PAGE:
Rare diseases can be quite different from other therapy areas – how have you had to adapt to that after acquiring Shire?
I’m a big believer that the more disease areas you work in the easier it is to pick up the next one, a bit like languages. That diversity is something that we’re really embracing.
It has been fascinating for me over the last 12 months to learn about conditions like Hunter syndrome, Gaucher’s disease, and short bowel syndrome – and that’s even before we started looking at the pipelines. I’ve had the chance to meet a lot of the clinicians, patient groups and external stakeholders involved in these diseases – I’ve focused on meeting a lot of them personally, but also tying myself and the members of our leadership team into those areas so that we can get up to speed as quickly as possible. Shire had a really strong focus on policy work, and that’s something we want to continue.
For example, one of the rare disease spaces we work in is immunoglobulin products. There’s a shortage of plasma-derived therapies in the area, but a surge in the demand for them globally. Plasma collection was stopped in the UK as a precautionary measure many years ago, and we’re actively engaging with government to see if we can develop a more sustainable supply chain for these products.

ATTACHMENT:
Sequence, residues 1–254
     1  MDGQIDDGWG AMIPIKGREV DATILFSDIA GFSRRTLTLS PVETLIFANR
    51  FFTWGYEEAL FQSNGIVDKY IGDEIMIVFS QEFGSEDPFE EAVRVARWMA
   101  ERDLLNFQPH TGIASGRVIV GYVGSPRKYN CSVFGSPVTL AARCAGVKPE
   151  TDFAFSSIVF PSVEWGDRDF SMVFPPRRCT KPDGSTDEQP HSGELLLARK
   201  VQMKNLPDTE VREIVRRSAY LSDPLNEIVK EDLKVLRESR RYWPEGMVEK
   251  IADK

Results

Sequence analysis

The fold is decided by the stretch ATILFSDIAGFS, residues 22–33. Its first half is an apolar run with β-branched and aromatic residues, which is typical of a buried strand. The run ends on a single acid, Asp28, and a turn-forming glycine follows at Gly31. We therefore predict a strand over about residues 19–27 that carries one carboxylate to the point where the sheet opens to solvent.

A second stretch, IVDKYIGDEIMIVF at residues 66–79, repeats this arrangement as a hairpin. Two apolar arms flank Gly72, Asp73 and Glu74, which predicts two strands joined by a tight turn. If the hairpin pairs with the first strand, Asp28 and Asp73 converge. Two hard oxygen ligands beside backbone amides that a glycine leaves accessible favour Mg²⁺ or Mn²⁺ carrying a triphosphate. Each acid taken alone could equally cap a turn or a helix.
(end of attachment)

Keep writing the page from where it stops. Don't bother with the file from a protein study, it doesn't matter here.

What are some of the biggest challenges in rare diseases you’re hoping to tackle?
In many rare diseases there are two big issues: getting to a diagnosis and being able to get appropriate treatment. Treatment is not just medicine. Treatment could be multi-dimensional.
We’re currently working with EURORDIS – The Voice of Rare Disease Patients in Europe – and Microsoft to see how we can embrace the use of technology to help speed up diagnosis for some rare diseases. Diagnosis can sometimes take over ten years, because GPs may only see one of these cases in their entire career, and will therefore never be able to spot the patterns that would flag a patient. With machine learning, though, we can potentially spot those patterns in patients’ symptomatology and intelligently flag people that should be screened. We have a couple of pilots in that area ongoing in the UK at the moment, looking at cohorts of data with specific hospitals.
There are great opportunities to collaborate with the NHS here to help improve diagnostics and make sure we can track the value of our medicines and the outcomes for patients. I think that’s an area where we will see huge developments over the next few years.
Would you say you’re generally quite positive about the future of the UK environment?